Lea Ann
Mar 02, 2017 rated it it was ok
It was ok, didn't quite get through all of it.
May 30, 2011 rated it really liked it
I've been infatuated this spring with the the NYU Hawk Cam: Live from the Nest--at Bobst Library, where two fine red tail hawks made their nest on a window ledge of the top floor of the library and a streaming camera has given us a window into the birds' habits and manners. I've daily spied on them with fascination. When their little hawkling hatched and I first laid eyes of him--so tiny and fragile and eating the entrails of New York City rat fed to him by his mother--I swooned, my heart poundi ...more
Jan 02, 2009 rated it liked it
what i liked about this book was the information about where to see birds and animals in the park. i've lived in ny a while and wandered central park a fair amount and though i don't think i'd really enjoy becoming a regular in the break-of-dawn park tour circuit, there is some good intel in here. if nothing else just learning about the bird register for future reference was good.
i was a little less into the "here's a cast of quirky lovable characters" parts, of which there are a lot. i appreci
Nov 12, 2015 rated it it was amazing  ·  review of another edition
"The bottom line in all this is procreation. They've got to keep the species going. In the natural world many individuals are sacrificed in that process . . . . We're about the only species that puts so little value on the whole picture. We put it on individuals--that's what's so damned important for us. In the rest of Nature, individuals are superfluous. The species must endure." (p. 244); Len Soucy, founder of the Raptor Trust in NJ)

Marie Winn writes with wit, knowledge, and insight about the
Jul 07, 2014 rated it really liked it  ·  review of another edition
I enjoyed this very much! Although the title suggests that the whole story is about a pair of mated red-tailed hawks, the book is really much more than that. The author is part of a group of New Yorkers who are avid Central Park birdwatchers. There’s even a journal – the Bird Register, kept in a boathouse – where observations are recorded. Stories about owls, killdeer, orioles, woodpeckers, and more fill the pages, and of course, the excitement of a pair of nesting red-tailed hawks, told over th ...more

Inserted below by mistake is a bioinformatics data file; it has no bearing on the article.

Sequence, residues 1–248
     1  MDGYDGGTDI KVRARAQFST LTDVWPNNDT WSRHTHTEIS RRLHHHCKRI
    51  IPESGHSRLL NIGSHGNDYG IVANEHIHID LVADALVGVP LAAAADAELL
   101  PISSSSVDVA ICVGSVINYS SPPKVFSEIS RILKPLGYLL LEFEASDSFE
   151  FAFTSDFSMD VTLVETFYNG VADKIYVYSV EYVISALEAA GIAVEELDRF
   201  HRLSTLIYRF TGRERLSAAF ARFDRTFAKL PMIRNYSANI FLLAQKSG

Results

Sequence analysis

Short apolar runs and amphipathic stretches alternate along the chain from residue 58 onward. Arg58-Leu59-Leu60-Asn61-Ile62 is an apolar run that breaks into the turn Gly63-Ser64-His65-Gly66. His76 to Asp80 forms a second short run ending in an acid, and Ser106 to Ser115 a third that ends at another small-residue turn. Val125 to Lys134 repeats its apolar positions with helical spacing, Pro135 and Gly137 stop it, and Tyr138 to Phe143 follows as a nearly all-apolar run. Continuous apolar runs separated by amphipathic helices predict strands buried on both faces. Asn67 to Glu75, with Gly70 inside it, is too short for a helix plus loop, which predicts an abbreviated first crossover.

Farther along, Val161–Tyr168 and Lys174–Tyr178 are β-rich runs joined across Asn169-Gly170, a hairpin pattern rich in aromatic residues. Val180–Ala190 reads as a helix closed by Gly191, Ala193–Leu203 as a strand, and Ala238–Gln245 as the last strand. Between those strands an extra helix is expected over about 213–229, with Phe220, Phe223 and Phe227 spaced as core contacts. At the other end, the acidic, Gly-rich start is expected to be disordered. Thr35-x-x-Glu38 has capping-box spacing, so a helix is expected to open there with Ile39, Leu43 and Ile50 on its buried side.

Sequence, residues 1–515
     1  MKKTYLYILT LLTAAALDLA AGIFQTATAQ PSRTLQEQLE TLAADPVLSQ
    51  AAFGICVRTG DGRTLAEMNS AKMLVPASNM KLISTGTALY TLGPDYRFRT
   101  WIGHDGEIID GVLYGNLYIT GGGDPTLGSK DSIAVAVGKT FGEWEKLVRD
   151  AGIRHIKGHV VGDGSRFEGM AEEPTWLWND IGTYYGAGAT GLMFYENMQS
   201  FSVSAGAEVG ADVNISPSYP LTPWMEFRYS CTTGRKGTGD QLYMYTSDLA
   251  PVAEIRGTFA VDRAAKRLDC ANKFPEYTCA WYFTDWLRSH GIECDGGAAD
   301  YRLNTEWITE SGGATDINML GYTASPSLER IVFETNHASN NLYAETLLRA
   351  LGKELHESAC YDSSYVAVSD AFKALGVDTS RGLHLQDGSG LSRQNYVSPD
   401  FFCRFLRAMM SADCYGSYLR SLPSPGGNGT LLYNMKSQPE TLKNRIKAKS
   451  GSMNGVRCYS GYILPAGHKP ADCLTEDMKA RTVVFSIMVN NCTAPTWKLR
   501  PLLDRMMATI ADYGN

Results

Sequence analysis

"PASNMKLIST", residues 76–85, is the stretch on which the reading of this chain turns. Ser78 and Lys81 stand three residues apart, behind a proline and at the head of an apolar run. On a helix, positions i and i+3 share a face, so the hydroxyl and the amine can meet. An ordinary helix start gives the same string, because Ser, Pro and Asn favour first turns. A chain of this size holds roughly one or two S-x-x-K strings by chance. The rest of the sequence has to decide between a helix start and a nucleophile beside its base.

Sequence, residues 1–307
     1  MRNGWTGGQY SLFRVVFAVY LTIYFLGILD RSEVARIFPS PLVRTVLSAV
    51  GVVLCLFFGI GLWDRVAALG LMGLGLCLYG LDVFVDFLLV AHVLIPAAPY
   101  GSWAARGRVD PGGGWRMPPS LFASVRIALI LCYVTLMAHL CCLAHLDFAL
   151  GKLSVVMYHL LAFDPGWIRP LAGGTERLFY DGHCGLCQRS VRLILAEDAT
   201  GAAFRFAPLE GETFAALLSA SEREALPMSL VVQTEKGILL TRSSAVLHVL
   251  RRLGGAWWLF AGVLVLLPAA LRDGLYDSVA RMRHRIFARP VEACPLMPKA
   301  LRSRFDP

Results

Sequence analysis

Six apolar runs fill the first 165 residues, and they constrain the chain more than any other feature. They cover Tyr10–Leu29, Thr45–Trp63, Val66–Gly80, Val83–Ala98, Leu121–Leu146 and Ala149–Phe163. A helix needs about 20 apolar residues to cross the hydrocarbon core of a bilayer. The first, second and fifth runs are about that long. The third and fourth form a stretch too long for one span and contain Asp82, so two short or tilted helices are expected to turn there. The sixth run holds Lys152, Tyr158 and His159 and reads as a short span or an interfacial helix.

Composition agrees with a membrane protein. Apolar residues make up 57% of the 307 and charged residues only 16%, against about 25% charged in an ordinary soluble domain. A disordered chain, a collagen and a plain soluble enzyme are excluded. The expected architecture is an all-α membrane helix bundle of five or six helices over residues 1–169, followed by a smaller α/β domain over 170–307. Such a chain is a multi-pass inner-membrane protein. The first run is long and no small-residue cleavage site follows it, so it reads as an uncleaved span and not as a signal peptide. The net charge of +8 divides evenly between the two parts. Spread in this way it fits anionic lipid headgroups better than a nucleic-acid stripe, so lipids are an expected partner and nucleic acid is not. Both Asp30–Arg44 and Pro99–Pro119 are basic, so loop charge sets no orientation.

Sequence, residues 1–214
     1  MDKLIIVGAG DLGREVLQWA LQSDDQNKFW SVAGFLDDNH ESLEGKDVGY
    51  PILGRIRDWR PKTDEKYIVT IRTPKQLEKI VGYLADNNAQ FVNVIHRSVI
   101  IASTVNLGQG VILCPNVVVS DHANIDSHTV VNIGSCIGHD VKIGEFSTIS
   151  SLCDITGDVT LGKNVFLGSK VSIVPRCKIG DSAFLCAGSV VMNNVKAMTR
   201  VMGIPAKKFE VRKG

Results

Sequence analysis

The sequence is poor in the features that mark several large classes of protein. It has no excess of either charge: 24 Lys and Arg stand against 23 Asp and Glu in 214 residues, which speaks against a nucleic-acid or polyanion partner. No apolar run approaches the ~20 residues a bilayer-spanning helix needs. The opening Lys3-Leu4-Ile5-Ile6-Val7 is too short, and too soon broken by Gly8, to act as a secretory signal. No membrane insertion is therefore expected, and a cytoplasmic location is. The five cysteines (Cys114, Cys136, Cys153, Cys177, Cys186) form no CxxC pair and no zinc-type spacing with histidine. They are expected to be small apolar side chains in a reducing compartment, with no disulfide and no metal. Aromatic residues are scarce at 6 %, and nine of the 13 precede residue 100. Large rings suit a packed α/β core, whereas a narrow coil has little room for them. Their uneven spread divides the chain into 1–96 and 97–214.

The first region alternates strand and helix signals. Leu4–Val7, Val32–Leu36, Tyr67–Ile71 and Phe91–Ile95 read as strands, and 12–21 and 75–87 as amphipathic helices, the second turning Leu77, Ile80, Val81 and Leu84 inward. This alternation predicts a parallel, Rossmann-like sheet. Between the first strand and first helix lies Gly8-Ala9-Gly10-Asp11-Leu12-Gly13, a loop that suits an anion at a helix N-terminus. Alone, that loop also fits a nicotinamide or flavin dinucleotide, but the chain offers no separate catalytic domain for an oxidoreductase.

Jun 07, 2014 rated it really liked it
I'm reviewing the older edition of this book, which was published in 1998.

Overall, I thought this was a nice, fuzzy kind of story to read. I thought the way that Winn sprinkled in (at times heavily, but still okay) facts about birding was both informative and fun to read. The Regulars were endearing in how much they cared for the birds, and I liked reading the little excerpts from the Bird Register. (I also melted at the story of the man who named all the ducks 'Missy')

I'm a little unsure as to
Jun 03, 2011 rated it really liked it  ·  review of another edition
A charming book about a group of people who become enthralled with bird-watching in Central Park, and then obsessed with a pair of breeding red-tails nesting on a building along said park. What I loved about this was how deeply the group of birders came to care about the fate of these birds and their chicks (going out in shifts, even before sunrise, to keep an eye on the nest through spotting scopes) -- and how they drew in so many bystanders, tourists, building managers, and even celebrities (W ...more
Dec 10, 2012 rated it really liked it
Who would ever think that a pair of Red-tailed Hawks could draw in so many people from such different walks of life? And in New York City’s Central Park of all places. Nature nuts, American Museum of Natural History scientists and researchers, apartment building supers, Mary Tyler Moore, dog walkers, high-rent folks, low-rent folks, even Woody Allen makes an appearance........this whimsical tale involves pretty much every echelon of city folks. Delight and drama accompany every page, all ably an ...more
Feb 21, 2012 rated it really liked it
This was an enjoyable story about the red-tailed hawks that have been nesting near/in Central Park over the last decade or so. However, more than just an account of the hawks, it really is a tale of the perseverance of wildlife in urban areas. There is plenty of information here on lots of other migratory birds, and even butterflies. It's also a testament to the lengths people will go to to create and maintain their own connection with nature, which I believe is necessary for emotional well-bein ...more
Oct 04, 2007 rated it really liked it
Shelves: birds
Ok, another bird book... this time featuring birds of prey in an urban environment, my favorite type of bird. I was full of hawk facts after I finished this book (and I love that). My only dislike of this book was Marie Winn's writing style occasionally verging straight into twee. There's one scene where she's watching birds and a baby raccoon walks right over her, leaving muddy footprints on her white knee socks. White knee socks? This cuter-than-cute detail actually helped me out: okay, Winn, ...more